The divine command theory

How is the divine command theory related to ethics and morality? The divine command theory is one of many philosophies of morality and moral behavior. It is a sub-category of moral absolutismwhich holds that humanity is subject to absolute standards that determine when acts are right or wrong.

The divine command theory

References and Further Reading 1.

Divine Command Theory | Internet Encyclopedia of Philosophy

On a law conception of ethics, conformity with the virtues requires obeying the divine law. A divine law requires the existence of God, as the divine lawgiver. Since we have given up belief in God, we should also give up the moral understanding that rests on such belief, and engage in moral philosophy without using such terms.

For Anscombe, this meant that we should abandon talk of morality as law, and instead focus on morality as virtue. Alan Donagan argues against these conclusions. First, he rejects her claim that we can only treat morality as a system of law if we also presuppose the existence of a divine lawgiver.

Second, Donagan contends that neither must we abandon law-based conceptions of morality for an Aristotelian virtue ethic. Given this, if we assume that human reason is at least in principle adequate for directing our lives, then the substance of divine law that is relevant to human life can be appreciated with human reason, apart from any reference to a divine being.

Moreover, according to Donagan, even if we conceive of morality as Aristotle did, namely, as a matter of virtue, it is quite natural to think that each virtue has as its counterpart some moral rule or precept.

And if we can apprehend the relevant moral virtue via human reason, then we can also apprehend the relevant moral law by that same reason. Given the foregoing points raised by Anscombe and Donagan, a divine command theorist might opt for a conception of morality as virtue, as law, or both.

Before looking at some possible advantages of Divine Command Theory, it will be helpful to clarify further the content of the view. Edward Wierenga points out that there are many ways to conceive of the connection between God and morality. A strong version of Divine Command Theory includes the claim that moral statements x is obligatory are defined in terms of theological statements x is commanded by God.

At the other end of the spectrum is the view that the commands of God are coextensive with the demands of morality.

Wierenga opts for a view that lies between these strong and weak versions of Divine Command Theory. In what follows, I will, following Wierenga, take Divine Command Theory to include the following claims: According to Kant, we must believe that God exists because the requirements of morality are too much for us to bear.

We must believe that there is a God who will help us satisfy the demands of the moral law. With such a belief, we have the hope that we will be able to live moral lives.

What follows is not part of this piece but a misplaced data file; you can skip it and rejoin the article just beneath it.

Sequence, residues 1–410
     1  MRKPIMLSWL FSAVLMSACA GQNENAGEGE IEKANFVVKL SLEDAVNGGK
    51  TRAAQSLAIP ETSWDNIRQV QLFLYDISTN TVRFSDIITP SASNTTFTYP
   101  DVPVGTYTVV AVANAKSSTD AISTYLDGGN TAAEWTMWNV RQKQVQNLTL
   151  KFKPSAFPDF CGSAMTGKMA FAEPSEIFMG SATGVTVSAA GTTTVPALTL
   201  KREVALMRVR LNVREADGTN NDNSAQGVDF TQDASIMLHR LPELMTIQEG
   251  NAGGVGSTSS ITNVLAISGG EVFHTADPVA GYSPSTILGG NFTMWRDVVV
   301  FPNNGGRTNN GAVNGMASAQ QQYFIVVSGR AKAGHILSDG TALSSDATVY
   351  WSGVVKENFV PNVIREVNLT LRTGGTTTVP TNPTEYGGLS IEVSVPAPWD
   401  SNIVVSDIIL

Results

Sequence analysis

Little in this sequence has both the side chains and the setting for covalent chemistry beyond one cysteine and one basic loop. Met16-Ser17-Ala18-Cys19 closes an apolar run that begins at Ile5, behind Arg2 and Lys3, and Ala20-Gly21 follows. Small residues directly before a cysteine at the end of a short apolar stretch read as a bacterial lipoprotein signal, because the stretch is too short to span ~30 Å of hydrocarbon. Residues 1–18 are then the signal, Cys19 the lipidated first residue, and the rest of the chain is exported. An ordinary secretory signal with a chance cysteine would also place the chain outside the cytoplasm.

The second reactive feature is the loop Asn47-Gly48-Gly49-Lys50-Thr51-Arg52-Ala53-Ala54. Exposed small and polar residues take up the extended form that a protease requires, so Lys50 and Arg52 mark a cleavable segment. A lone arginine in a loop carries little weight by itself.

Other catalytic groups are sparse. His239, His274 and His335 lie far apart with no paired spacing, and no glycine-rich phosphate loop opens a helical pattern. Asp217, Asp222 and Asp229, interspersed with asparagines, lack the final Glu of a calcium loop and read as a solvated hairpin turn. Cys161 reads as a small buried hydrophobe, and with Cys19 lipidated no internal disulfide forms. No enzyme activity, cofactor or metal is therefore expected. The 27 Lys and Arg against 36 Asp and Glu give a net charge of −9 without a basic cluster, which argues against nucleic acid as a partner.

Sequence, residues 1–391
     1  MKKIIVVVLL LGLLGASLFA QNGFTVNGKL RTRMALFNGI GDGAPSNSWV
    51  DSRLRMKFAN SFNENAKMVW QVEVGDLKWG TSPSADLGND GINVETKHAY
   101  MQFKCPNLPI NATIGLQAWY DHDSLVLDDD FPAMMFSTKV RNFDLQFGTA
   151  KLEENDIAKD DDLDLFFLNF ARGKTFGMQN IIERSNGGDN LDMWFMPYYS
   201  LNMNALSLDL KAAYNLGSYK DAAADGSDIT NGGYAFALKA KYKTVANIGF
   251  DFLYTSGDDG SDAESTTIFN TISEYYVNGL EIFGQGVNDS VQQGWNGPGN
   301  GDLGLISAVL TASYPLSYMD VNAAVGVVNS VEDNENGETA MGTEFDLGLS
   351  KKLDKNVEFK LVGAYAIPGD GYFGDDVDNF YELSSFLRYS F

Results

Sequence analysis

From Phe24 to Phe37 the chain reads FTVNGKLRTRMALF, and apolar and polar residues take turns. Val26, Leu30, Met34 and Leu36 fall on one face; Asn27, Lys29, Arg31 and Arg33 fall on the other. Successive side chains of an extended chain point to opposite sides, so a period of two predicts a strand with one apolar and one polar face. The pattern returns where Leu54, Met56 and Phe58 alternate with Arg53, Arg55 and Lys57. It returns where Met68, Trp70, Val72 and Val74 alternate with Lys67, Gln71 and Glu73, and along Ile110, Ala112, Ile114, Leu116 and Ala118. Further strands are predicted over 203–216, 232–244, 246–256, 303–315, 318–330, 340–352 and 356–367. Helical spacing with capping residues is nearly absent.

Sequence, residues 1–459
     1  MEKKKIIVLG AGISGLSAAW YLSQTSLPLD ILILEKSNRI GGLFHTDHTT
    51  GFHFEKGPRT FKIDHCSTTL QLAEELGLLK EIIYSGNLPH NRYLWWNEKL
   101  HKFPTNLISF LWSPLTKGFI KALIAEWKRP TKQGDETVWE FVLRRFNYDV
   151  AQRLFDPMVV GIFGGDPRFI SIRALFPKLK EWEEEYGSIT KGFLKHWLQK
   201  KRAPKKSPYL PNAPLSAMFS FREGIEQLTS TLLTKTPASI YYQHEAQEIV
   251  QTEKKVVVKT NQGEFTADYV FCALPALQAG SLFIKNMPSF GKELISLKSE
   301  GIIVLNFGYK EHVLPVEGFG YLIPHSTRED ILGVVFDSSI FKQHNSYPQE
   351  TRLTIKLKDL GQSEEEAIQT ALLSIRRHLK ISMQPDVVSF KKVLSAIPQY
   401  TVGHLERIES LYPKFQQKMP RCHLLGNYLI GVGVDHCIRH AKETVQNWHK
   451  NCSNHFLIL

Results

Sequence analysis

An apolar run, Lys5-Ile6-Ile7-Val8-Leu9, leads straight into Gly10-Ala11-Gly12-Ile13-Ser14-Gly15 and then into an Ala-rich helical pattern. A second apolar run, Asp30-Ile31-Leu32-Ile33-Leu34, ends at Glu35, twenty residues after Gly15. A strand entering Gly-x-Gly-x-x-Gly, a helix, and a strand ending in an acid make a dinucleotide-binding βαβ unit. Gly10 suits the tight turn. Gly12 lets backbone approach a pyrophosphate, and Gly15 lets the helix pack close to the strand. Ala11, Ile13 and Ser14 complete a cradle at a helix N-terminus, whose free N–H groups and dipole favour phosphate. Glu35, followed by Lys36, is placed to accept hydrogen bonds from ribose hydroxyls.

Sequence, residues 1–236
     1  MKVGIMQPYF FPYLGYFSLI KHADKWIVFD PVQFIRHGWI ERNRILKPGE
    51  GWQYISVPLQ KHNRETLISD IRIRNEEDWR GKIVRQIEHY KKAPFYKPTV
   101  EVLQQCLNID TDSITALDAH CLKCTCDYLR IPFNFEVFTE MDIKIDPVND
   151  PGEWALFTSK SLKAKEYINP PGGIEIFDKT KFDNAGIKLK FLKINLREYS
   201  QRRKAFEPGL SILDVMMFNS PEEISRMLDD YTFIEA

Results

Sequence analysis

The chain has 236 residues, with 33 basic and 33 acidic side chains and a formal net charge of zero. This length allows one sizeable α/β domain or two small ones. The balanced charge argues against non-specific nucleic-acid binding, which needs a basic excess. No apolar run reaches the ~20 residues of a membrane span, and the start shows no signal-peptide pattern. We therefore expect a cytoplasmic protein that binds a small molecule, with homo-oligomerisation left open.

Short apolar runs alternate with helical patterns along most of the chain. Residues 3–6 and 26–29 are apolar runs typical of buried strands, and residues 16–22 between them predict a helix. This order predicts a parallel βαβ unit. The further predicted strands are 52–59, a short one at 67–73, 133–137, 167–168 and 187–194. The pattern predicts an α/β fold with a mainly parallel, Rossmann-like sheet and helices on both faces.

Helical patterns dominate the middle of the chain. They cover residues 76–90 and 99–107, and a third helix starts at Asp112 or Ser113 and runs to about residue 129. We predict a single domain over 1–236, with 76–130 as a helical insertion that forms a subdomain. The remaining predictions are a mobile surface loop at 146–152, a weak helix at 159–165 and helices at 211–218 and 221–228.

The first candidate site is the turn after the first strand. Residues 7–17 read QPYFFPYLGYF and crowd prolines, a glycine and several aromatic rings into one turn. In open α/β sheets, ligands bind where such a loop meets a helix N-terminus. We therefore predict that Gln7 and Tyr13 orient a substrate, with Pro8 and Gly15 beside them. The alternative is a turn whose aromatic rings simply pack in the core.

However, if there is a God and an afterlife where the righteous are rewarded with happiness and justice obtains, this problem goes away. That is, being moral does not guarantee happiness, so we must believe in a God who will reward the morally righteous with happiness.

The divine command theory

Kant does not employ the concept of moral faith as an argument for Divine Command Theory, but a contemporary advocate could argue along Kantian lines that these advantages do accrue to this view of morality.

Another possible advantage of Divine Command Theory is that it provides an objective metaphysical foundation for morality. For those committed to the existence of objective moral truths, such truths seem to fit well within a theistic framework.

That is, if the origin of the universe is a personal moral being, then the existence of objective moral truths are at home, so to speak, in the universe. By contrast, if the origin of the universe is non-moral, then the existence of such truths becomes philosophically perplexing, because it is unclear how moral properties can come into existence via non-moral origins.

Given the metaphysical insight that ex nihilo, nihilo fit, the resulting claim is that out of the non-moral, nothing moral comes. Objective moral properties stick out due to a lack of naturalness of fit in an entirely naturalistic universe.1 Divine Command Theory 1.

Divine Command Theory: This is the view that rightness stems from God’s commands: That is, an action is right if God commands it, and wrong if He forbids it.

On this view, morality is dependent on God. Two Worries for Divine Command Theory While DCT is often appealed to in popular defenses of religion, it’s controversial among religious thinkers. In Christianity, William of Ockham defended DCT, and so did many Protestants, but NLT is a much more common view among Christian philosophers.

Divine Command Theory, or DCT, is the most prominent ethical framework adopted by religious thinkers in modern times.

The idea for them is that it gets them an objective grounding for morality. Divine command theory holds that morality is all about doing God’s will.

God, divine command theorists hold, has issued certain commands to his creatures. We can find these commands in the Bible, or by asking religious authorities, or perhaps even just by consulting our moral intuition. Mar 01,  · Divine command theory - Wikipedia Religion has had a strong influence over molding and shaping our culture and attitudes for centuries.

We have internalized values from religion such as telling the truth, respecting our parents, respecting property, mores of propriety, chastity and so on. Divine command theory (also known as theological voluntarism) is a meta-ethical theory which proposes that an action’s status as morally good is equivalent to whether it is commanded by theory asserts that what is moral is determined by what God commands, and that for a person to be moral is to follow his commands.

Divine command theory - Wikipedia